“The war started in 2011 so there’s been over a decade of wreckage that is still happening,” he reflects. “The most concerning issue right now is the hyper-inflation and gateways that creates to displace people and resources through super-imposed sanctions, which the people of the country are trying to find ways around. These policies give power and influence to defined people and everyone else is caught in the middle while costs spin out of control.”

“Everything the Syrian people have is worth 10 times less than before the war just in terms of currency valuation, but goods themselves are scare so the whole scenario is unsustainable both for Syria and the United States - that’s my main concern. There’s no winners the way this is ultimately played out.  I wish I had a political solution, but I don’t. We need to start by finding a way to agree on how to best advance the welfare of the Syrian people first and foremost. Indeed, one of the things we’ll be doing at the show is featuring a whole new batch of homemade soaps made by refugee women from Damascus that will be available for purchase.”

 “This is why topically my music covers a wide spectrum because the important thing about music is that it’s a vehicle,” states Bassel. “Many of my songs are about personal loss and love and what’s going on in Syria and my perspective of being here while those things are happening there. We cover a lot of ground, but my newest material touches moe on what it’s like to be a father, seeing as I have an 8-year old daughter now. So I try to strive to create music that connects people to something. Even though I’m a guy from Northeast Ohio, I happened to be impacted by this terrible issue that a lot of people really don’t about.”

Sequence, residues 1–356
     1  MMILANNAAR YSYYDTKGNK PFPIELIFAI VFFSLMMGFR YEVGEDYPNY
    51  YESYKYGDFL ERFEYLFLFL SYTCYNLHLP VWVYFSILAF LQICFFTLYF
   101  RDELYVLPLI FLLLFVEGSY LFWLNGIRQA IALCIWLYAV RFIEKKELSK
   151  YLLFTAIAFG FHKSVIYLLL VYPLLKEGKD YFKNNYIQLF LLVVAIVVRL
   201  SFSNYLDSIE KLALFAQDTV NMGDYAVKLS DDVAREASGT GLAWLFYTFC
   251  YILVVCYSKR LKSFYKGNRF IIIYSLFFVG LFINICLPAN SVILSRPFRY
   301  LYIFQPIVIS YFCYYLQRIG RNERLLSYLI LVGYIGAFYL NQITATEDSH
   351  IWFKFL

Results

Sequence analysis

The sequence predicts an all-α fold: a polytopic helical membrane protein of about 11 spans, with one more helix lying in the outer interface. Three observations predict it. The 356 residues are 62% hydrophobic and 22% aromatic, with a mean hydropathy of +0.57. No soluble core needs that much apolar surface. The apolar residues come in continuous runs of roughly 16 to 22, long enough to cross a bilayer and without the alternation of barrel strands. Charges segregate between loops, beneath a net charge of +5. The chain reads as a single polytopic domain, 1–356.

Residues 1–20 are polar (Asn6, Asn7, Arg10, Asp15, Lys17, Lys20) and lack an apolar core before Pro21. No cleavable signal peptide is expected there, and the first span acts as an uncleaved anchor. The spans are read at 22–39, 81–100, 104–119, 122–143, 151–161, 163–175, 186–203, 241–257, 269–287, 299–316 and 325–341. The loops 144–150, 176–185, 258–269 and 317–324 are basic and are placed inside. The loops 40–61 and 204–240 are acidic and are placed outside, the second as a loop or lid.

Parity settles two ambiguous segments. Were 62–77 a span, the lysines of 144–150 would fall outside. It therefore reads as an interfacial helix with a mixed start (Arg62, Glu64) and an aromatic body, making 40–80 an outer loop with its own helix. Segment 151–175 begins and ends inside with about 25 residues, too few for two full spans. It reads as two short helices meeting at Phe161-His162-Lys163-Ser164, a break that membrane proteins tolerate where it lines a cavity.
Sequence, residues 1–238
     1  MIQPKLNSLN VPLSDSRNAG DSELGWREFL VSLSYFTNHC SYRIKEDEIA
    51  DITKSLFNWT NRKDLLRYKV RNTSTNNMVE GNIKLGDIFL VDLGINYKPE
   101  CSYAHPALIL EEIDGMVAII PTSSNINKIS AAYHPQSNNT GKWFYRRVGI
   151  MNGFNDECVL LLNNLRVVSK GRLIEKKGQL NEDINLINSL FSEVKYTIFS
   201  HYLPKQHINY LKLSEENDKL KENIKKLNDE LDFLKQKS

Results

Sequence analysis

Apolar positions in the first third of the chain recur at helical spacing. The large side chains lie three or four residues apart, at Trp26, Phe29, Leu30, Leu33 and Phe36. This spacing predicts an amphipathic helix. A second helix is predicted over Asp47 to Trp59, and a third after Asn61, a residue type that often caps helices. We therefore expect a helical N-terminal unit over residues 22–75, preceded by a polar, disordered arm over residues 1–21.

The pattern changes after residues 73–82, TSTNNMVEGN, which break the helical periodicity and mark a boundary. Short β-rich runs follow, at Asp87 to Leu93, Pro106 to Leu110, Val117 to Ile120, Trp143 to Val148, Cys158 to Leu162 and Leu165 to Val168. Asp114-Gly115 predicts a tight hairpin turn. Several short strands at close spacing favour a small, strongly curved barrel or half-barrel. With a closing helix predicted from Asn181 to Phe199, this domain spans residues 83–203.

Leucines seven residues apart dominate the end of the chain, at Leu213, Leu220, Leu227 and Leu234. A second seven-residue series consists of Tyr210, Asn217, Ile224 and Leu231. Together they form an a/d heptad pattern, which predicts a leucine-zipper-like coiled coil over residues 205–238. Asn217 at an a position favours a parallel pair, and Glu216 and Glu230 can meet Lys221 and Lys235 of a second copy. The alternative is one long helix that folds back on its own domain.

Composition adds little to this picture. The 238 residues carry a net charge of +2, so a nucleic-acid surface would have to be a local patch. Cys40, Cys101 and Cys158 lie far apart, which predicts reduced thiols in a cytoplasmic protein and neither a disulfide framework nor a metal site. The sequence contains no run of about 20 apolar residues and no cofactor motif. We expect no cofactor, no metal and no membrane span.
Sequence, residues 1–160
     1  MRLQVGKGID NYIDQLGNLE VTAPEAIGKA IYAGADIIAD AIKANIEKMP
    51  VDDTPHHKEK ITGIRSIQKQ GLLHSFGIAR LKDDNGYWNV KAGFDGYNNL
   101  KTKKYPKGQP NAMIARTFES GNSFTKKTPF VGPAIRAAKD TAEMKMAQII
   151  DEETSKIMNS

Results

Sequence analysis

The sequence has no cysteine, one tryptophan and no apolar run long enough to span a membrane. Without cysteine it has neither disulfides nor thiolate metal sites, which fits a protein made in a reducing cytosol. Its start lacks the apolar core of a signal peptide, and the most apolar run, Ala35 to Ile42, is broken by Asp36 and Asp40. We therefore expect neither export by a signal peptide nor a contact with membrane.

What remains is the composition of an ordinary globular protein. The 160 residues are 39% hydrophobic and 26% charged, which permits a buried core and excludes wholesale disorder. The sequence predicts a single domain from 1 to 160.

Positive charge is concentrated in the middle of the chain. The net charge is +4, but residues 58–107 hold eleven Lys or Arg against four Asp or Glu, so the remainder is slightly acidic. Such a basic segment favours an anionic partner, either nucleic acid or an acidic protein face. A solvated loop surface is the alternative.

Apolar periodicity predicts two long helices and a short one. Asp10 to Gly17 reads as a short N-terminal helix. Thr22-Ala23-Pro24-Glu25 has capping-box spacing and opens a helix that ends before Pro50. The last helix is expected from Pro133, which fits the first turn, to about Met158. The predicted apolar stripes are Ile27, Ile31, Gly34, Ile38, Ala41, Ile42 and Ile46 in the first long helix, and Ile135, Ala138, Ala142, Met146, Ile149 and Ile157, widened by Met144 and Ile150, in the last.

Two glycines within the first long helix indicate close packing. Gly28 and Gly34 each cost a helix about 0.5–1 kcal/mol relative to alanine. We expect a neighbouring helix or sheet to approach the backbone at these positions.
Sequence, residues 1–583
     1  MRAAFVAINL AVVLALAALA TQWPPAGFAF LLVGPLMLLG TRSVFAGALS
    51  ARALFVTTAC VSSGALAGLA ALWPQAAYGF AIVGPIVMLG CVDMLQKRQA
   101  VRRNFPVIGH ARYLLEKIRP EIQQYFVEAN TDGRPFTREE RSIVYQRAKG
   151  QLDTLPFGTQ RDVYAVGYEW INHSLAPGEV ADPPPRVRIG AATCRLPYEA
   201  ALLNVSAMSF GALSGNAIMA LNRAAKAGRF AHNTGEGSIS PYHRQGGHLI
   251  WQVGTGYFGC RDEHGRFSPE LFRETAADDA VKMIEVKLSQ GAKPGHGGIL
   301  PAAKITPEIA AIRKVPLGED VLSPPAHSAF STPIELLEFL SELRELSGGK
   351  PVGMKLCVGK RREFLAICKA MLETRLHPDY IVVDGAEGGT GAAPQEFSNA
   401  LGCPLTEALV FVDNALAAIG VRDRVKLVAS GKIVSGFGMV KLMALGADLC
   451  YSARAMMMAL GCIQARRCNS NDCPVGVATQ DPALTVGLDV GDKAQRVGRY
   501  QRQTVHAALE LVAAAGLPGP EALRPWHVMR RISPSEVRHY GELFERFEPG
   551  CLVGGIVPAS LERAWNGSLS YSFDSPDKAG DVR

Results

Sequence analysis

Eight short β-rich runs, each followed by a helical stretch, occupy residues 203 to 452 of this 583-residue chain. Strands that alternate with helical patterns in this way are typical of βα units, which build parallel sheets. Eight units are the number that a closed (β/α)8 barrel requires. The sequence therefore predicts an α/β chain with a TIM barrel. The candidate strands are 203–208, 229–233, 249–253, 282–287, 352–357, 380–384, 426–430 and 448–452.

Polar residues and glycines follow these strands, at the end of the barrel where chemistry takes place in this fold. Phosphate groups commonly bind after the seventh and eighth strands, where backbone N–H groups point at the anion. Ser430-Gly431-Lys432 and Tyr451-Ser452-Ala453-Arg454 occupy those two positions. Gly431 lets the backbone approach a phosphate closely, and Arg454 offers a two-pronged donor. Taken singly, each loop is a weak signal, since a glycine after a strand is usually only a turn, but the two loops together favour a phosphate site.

So at this juncture of his career, what is the most challenging component for Bassel in terms of moving forward?  “The most challenging component is that we have fashioned this niche of music that we perform that is deeply personal and not really mainstream,” he reflects. “We’re not doing the Lady Gaga thing but have had some good opportunities from traveling. We were an official showcase band at the South by Southwest Festival and got a lot of international attention back in 2017, right around the time of the travel ban that Trump put into place.  But even though my music is deeply personal, I shout the message behind it as loudly as I can.”

Tickets for Bassel & the Supernaturals February 9th performance  at Midland Center for the Arts can be purchased by clicking this link.